Digital Content in an Ownership Society

I’ve been collecting media in one form or another since I was old enough to recognize Beatles ’65 at the White Front department store in Fresno, California. That was around 1966. I was three, and it was a very bad day for my mother.

In the years since, I watched my LP and 45 collection explode, only to be replaced by CDs, and finally to be morphed into a vast field of bits on a relatively small network storage device. Bits that I dutifully back up, maintain, and curate.

I spend more time fixing faulty ID3 tags than I care to admit. And I’m constantly annoyed when album art mysteriously goes missing (am I the only person having this problem with iTunes?).

There’s a point where it might just be easier to chuck it all and consider subscribing to one of those all-you-can-eat music services. That’s certainly what the RIAA would like me to do.

Subscription services are apparently the future of the music industry. Well, this week at least. And if you look around you’ll see that most media corporations are looking for ways to package digital content into a subscription-ready format.

The benefit of owning digital content vs. subscribing to digital content services is one I’ve been pondering for a while now, so I was interested to see Mac Slocum raise the issue with an open question on Digital Ownership vs. Digital Subscriptions over on the TOC blog. One of Mac’s questions is, “What would it take for you to switch from ownership to subscription?”

It’s an interesting question, and one that I don’t have a clear or concise answer for. I am naturally inclined towards ownership of digital content for reasons mostly related to DRM restrictions. Although, when I really think about it — and as the marketplace for digital content evolves — I am finding that subscriptions make sense for certain types of digital media and services.

In fact, I currently subscribe to a number of different digital content services. My subscriptions include:

  • LA Times, Kindle Edition — I’ve written in the past about how I’ve lost all use for the print edition of the LA Times. If there’s a hope for the newspaper industry it just might be in the form of digital editions delivered to dedicated eReaders. While the Kindle edition of LAT is far from perfect (I’ll write more about that in a separate post), it’s good enough for daily consumption and overcomes a number of drawbacks of the print edition.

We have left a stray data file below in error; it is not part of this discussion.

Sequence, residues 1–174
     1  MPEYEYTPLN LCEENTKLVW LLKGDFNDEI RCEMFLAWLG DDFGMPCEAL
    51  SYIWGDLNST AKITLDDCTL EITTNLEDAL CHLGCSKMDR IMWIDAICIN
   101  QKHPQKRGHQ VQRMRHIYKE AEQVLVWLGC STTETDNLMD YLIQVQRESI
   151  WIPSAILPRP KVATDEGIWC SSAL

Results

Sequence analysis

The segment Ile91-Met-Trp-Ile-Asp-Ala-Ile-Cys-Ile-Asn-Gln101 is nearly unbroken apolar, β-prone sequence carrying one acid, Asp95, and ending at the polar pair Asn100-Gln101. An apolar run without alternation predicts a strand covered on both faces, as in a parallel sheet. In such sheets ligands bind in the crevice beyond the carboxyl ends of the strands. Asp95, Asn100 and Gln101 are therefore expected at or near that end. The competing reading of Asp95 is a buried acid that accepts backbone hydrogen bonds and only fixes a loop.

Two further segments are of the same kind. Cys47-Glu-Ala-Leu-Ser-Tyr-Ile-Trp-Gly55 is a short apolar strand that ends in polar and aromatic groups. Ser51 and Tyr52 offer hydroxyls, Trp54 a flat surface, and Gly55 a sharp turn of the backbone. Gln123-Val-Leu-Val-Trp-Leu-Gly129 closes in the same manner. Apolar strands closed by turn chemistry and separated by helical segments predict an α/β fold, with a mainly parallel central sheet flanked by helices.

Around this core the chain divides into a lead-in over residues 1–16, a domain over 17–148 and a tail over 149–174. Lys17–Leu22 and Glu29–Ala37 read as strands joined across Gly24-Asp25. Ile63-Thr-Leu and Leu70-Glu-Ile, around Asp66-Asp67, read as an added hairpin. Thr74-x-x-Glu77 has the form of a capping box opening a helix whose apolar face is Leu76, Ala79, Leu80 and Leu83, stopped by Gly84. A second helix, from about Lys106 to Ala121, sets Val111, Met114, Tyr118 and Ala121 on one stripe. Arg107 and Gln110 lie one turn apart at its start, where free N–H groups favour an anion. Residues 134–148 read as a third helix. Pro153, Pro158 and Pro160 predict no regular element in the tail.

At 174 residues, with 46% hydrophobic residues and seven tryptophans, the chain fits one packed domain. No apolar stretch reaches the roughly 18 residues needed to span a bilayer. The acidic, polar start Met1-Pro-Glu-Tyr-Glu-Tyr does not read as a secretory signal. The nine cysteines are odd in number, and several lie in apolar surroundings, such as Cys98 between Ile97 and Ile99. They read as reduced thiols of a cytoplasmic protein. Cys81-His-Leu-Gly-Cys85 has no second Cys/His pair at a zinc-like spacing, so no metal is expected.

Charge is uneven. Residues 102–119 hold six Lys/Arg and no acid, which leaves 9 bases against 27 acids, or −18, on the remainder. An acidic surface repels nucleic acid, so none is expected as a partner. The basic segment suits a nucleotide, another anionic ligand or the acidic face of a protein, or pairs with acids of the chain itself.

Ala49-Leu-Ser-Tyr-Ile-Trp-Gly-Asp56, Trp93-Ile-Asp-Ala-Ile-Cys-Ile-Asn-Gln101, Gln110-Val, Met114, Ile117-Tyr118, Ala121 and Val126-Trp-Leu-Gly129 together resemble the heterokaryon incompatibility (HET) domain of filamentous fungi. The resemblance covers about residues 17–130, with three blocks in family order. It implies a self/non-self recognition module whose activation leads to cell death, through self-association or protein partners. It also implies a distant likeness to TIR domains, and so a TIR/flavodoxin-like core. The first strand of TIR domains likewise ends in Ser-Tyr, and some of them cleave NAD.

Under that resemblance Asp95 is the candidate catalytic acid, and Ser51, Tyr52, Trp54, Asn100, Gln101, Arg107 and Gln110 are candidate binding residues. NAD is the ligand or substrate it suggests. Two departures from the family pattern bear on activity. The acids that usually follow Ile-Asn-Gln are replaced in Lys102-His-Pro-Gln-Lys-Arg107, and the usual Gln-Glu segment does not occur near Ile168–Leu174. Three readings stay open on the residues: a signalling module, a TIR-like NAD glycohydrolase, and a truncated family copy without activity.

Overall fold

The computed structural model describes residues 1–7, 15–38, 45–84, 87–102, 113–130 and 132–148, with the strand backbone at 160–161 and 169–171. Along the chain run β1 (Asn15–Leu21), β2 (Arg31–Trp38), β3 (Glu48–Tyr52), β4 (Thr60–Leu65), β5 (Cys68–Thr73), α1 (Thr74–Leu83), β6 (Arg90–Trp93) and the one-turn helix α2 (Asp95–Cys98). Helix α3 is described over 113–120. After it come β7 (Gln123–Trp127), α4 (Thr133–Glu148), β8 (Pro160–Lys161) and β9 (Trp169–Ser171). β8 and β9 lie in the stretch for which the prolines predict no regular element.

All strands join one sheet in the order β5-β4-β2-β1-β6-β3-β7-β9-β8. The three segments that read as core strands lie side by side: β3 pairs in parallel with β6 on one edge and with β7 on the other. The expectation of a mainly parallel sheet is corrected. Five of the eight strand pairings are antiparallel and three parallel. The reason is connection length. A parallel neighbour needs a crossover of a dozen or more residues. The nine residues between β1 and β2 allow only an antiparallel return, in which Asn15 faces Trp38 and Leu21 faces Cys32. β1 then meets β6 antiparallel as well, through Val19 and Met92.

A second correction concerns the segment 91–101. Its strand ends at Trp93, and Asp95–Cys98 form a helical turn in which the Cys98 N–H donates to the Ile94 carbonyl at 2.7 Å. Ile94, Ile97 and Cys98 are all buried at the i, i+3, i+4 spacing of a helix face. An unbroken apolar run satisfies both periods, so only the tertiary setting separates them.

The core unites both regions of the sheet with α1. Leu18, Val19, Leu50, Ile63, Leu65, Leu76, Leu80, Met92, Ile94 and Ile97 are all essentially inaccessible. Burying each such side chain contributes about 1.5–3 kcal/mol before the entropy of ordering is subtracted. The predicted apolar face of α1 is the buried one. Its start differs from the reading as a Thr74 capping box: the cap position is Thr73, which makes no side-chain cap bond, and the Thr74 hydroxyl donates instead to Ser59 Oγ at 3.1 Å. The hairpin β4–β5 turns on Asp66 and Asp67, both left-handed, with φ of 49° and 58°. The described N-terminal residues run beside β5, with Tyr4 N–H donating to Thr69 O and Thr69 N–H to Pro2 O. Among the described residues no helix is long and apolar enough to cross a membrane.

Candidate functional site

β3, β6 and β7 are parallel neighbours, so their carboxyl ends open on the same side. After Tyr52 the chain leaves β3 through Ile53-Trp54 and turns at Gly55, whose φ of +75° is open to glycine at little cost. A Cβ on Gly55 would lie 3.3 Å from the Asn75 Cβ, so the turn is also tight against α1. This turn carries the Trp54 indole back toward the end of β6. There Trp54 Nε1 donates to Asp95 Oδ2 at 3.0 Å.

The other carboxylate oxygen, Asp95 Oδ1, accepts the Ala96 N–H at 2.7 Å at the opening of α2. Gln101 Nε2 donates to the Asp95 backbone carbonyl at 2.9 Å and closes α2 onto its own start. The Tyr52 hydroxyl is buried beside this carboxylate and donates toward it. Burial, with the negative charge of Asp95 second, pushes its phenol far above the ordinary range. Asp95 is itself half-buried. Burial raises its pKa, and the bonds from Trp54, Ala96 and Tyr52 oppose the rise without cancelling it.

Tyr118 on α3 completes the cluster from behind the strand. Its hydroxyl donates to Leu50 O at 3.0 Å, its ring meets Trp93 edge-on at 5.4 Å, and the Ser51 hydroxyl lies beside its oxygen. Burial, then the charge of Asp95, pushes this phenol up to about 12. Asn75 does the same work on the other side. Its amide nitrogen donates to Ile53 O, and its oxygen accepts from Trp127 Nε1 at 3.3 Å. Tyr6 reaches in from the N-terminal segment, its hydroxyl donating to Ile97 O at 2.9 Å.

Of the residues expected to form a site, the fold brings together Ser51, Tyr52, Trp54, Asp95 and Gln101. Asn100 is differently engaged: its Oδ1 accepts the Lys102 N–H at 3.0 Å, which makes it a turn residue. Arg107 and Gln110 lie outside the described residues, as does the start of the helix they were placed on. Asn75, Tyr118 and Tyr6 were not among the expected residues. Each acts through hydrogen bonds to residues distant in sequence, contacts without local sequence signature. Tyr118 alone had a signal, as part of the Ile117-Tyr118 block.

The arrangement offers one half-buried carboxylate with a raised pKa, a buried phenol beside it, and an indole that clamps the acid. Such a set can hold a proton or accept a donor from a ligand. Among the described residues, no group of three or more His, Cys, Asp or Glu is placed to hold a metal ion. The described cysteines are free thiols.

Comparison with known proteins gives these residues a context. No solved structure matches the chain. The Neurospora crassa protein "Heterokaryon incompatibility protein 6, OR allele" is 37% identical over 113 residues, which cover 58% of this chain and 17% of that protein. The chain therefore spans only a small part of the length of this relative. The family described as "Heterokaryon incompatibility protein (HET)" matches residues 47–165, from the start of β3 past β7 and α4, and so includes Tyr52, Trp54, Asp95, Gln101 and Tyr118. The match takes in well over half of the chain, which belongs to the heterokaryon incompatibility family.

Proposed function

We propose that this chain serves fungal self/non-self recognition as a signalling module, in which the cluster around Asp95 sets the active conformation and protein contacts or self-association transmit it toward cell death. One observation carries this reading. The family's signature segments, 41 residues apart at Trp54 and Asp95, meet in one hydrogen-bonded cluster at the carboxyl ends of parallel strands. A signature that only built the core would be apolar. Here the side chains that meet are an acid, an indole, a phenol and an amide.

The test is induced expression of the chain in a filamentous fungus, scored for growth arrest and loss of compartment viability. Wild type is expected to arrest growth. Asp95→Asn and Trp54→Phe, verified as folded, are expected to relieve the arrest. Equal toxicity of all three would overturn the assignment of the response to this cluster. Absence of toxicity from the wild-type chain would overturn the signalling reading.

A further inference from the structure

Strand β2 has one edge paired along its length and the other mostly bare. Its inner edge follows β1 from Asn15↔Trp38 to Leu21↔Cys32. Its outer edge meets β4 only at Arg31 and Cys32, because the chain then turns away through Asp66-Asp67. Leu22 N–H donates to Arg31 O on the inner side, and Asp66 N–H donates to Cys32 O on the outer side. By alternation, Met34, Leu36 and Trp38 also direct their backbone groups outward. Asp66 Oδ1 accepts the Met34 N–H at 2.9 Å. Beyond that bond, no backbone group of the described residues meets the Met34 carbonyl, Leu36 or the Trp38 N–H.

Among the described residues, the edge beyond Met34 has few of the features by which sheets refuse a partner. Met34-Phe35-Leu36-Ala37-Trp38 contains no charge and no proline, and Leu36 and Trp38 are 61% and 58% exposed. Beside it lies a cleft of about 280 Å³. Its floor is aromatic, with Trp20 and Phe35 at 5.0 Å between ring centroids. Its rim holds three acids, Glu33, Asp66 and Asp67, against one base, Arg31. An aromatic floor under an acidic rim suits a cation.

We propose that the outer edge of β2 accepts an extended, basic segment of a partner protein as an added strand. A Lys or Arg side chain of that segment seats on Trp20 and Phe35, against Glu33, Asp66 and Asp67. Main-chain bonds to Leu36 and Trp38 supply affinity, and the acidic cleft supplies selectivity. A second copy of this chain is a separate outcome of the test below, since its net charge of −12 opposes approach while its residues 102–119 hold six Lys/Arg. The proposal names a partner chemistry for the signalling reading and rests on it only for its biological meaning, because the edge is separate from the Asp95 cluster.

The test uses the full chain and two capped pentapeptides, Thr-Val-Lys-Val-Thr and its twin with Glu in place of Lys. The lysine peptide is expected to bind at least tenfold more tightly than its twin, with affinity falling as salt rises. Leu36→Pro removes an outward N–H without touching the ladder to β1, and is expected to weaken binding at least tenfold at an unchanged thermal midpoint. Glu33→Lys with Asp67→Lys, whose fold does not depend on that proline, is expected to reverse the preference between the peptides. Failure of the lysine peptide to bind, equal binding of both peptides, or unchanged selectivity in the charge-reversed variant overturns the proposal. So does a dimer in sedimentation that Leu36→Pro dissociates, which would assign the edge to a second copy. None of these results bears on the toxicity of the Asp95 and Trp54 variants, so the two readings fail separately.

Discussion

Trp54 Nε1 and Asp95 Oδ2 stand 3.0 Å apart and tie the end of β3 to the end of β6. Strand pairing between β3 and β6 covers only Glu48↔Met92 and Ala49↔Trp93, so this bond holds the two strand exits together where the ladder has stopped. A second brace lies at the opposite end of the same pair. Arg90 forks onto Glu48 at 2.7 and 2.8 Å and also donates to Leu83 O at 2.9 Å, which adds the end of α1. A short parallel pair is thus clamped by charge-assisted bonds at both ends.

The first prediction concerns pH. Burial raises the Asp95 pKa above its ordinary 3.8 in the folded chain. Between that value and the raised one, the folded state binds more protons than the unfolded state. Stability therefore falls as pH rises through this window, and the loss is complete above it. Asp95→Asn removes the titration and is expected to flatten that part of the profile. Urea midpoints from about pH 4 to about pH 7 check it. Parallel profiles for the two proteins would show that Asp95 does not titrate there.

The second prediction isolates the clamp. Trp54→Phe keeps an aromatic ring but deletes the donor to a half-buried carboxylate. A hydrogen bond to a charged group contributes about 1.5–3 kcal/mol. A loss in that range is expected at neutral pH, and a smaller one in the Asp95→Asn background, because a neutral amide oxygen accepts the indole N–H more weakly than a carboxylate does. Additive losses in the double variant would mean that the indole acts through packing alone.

• Safari Bookshelf — The Safari service is an amazing value that frees up a huge amount of space on my physical bookshelf, while allowing me access to a wide range of regularly updated technical books.
  • eMusic — a music subscription service without DRM. eMusic offers a huge collection of indie rock, jazz, and blues recordings. Because there’s no DRM, subscribers get to keep the music they’ve downloaded. And because eMusic continues to add new labels, there’s incentive to keep an active subscription.
  • Jaman — Jaman isn’t really a subscription service, but they do offer time limited rentals of independent and foreign films. I can live with Jaman’s restrictions because the rental fee is reasonable and they offer a selection of films that is hard to find anywhere else. It also helps that Jaman has supported the Mac platform from the very beginning.

As the development of digital media devices advances, I expect that there will be all sorts of content that I’ll be willing to subscribe to, provided the content owners present me with a reasonable value proposition.

Despite my apparent willingness to rent content, there are still subscription services that simply don’t make sense to me. I doubt that I will ever subscribe to a Rhaposdy-like music service. At least not as my primary source of music. At this point my digital music collection is so large that Rhapsody doesn’t have much to offer me in the way of new content that I’d actually care to listen to.